- Where did the Kelowna Rockets go? If you indeed find them tell them to come back. In the first two games of an opening round playoff series with the Seattle Thunderbirds the Rockets look anything but the team that won 52 games during the regular season. In game one they looked disjointed in a 5-4 overtime loss and frankly played even a poorer game last night in a 2-1 overtime setback. Down two games to none in this series, their is no need to panic if this team finds its game and implements the tactics that brought them success during the regular season. It is up to the players to find 'it' between now and Tuesday night as the series shifts to Seattle (Kent) for games three and four.
- Generating three shots on net in the first period just won't cut it. The Rockets had three power play chances in the opening 20 minutes and struggled mightily to get pucks to the net. They were either blocked, which the T-Birds deserve credit, or ideal shooting opportunities were instead used to pass the puck off to a teammate. The confidence level of the power play is extremely low right now yet the foundation of what made the unit one of the best in the league is still there. It appears the power play, or lack-thereof, dictates the way they play five-on-five. The power play can be a momentum builder or momentum killer. Right now, you can guess which one it is.
- As one observer said to me last night, "I sure feel bad for Jordon Cooke". I can't disagree with that comment. Cooke has been the teams best player in the first two games of the series and looks to be the only one that resembles himself from his regular season exploits.
- Right now it looks like the puck is a hot potato every time it touches a Rockets stick. Specifically the forwards don't want to handle it for a long period of time. When a forward does control it for more than ten seconds it results in an individual effort, which worked in pee-wee but doesn't cut it in major junior. When the Rockets have success, it is often two or three quick passes and up the ice they go. Those passes are maybe ten to twelve feet in length. You rarely see long bomb passes from blue line to blue line which we saw attempted far to often in the first two games.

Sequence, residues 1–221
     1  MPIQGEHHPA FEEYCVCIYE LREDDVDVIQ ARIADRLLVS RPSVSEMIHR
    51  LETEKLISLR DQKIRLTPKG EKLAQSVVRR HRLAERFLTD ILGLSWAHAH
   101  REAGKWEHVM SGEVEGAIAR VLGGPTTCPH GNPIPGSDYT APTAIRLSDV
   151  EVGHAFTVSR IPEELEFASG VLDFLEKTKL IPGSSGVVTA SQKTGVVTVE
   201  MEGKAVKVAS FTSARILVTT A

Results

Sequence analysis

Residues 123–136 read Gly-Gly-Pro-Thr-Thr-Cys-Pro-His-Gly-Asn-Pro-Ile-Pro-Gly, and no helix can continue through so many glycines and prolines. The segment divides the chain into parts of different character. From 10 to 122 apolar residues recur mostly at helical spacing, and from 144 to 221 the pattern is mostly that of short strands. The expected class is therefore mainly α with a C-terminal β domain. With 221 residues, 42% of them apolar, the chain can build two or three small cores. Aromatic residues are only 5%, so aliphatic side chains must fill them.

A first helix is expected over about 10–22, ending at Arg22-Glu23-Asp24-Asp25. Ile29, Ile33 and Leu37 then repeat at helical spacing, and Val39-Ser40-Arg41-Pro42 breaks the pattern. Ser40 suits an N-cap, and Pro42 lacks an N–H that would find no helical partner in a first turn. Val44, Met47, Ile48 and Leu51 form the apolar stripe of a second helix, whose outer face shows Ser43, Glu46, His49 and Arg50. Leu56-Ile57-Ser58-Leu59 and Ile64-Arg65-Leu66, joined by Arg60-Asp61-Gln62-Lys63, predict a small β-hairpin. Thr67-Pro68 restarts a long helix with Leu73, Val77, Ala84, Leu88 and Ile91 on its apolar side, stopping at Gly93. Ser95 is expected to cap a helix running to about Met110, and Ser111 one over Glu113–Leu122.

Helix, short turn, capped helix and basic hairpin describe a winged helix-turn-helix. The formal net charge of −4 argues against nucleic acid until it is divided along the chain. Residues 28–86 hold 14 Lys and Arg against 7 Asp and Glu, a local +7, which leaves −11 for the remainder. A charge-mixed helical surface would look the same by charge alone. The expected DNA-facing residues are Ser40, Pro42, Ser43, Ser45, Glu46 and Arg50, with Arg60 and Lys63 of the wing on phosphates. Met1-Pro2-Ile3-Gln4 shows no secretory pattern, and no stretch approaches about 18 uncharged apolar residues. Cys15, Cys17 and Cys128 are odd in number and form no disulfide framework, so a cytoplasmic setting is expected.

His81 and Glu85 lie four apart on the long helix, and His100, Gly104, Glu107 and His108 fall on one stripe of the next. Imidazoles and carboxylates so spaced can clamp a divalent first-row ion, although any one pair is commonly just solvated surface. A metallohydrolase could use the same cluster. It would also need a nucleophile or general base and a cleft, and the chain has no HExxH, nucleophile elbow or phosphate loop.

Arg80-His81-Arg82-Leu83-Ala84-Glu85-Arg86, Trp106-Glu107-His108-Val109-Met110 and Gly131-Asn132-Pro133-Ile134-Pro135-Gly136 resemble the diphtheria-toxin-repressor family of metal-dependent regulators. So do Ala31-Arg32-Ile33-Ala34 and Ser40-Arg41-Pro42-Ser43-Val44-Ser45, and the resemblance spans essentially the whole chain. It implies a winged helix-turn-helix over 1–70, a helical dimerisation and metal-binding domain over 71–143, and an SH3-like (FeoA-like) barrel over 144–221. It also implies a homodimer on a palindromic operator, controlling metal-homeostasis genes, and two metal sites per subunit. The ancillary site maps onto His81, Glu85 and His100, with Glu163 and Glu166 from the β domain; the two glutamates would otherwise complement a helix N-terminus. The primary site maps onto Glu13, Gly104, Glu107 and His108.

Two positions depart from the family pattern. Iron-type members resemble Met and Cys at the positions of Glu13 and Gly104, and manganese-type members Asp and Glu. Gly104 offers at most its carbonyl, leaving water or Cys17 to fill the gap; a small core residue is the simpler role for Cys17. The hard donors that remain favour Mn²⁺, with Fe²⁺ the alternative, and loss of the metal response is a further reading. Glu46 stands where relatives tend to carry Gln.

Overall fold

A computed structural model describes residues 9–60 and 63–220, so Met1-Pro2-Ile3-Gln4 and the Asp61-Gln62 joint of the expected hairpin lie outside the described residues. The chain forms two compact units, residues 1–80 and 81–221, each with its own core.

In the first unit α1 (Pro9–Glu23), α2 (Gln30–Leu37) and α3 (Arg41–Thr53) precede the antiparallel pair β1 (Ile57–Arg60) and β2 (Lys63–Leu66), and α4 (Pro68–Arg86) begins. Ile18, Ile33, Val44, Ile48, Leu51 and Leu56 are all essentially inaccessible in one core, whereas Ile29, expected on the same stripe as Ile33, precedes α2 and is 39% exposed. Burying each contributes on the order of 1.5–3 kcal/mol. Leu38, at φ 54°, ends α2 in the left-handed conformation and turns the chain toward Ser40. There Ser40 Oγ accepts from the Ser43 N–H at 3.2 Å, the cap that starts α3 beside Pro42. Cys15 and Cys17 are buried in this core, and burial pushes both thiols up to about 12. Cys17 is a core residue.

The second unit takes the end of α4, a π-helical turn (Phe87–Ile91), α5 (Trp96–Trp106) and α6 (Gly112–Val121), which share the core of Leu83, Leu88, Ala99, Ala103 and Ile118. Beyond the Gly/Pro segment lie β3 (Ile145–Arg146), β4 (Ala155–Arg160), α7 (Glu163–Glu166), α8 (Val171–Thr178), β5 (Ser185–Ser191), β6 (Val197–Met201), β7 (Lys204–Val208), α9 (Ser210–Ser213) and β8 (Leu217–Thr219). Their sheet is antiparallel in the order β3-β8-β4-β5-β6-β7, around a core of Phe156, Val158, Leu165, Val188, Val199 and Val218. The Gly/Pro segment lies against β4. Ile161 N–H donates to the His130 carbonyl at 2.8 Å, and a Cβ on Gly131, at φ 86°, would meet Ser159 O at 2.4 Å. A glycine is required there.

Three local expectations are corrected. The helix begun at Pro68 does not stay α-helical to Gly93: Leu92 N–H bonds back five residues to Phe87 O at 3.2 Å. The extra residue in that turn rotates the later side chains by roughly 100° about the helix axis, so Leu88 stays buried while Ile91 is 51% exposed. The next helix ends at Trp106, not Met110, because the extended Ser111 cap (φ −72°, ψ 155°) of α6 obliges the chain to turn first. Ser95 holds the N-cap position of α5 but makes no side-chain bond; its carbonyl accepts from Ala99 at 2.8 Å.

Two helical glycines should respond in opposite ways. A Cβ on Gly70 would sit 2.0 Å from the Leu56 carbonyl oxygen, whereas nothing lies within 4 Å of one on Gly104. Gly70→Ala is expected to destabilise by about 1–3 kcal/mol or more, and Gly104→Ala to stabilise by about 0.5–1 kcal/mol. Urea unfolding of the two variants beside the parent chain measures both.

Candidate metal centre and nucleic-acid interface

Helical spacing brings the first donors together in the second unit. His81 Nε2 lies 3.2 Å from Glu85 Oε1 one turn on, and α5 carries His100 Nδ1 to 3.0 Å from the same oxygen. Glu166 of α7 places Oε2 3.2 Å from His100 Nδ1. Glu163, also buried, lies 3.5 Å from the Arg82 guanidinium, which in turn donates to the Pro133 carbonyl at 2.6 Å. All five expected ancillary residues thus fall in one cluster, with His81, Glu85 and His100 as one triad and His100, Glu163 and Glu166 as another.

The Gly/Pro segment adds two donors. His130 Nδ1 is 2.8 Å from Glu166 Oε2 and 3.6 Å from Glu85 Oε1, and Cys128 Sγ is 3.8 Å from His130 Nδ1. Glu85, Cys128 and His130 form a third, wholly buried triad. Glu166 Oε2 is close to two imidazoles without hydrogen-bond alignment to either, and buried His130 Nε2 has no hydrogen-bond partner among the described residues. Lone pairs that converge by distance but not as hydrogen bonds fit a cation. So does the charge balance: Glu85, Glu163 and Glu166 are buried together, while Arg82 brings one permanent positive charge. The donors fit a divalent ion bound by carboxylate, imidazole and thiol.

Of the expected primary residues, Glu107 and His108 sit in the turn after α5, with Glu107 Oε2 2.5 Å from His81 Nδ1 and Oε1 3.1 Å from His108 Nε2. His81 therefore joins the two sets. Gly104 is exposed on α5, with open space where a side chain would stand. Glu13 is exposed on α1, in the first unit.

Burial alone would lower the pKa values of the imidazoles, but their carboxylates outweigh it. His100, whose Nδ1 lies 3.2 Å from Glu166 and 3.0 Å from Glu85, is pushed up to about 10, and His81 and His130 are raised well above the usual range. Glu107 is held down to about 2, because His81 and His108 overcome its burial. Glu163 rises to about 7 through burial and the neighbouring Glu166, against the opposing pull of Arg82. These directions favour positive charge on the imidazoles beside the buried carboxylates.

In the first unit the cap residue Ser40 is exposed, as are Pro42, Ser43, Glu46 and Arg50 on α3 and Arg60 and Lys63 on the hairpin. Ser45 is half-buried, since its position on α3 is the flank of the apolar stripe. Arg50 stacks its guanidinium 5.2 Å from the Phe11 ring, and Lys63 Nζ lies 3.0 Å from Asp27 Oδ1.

- Cole Linaker and Henrik Nyberg were the teams best forwards Saturday night. Good on them. Both worked their tails off. Nyberg was great physically and Linaker scored the teams lone goal. But those two rookies can't be your best players in the playoffs. They can make a significant contribution but can't be the ring leaders.
- Am I worried at the 0 and 2 start? I'd be freaking out if the Rockets applied maximum effort with no results. I'd be scared if Seattle goaltender Brandon Glover was stopping everything the Rockets were firing at him. None of the above applies here. Seattle outworked the Rockets in game one, but again the effort from the home team was sporadic at best. Glover has been good, but not lights out.
- The T-Birds are playing like a loose team with nothing to lose. The Rockets look up tight and need to relax and let their natural instincts take over.
- The T-Birds d-core does deserve credit for playing physical in the first two games. They are making it hard on the Rockets forwards. You have to remember that the T-Birds d-core is as young, if not younger than the Rockets. While they don't have a 16 year-old like Riley Stadel on the back end, they have four 1995 born players. The Rockets only have two in Madison Bowey and Jesse Lees.
- The best thing for this team right now is to hop on that bus and get away. Refocusing is pivotal for the Rockets right now. While it sounds odd, the road is the best place for this team right now.
- I expect a much improved effort Tuesday and Wednesday night after games at ShoWare Centre. I plan to be back in Kent for a game six. With a solid effort by the Rockets in game three, I can't see why that isn't possible.
Sunday, March 24, 2013
That wasn't very good!
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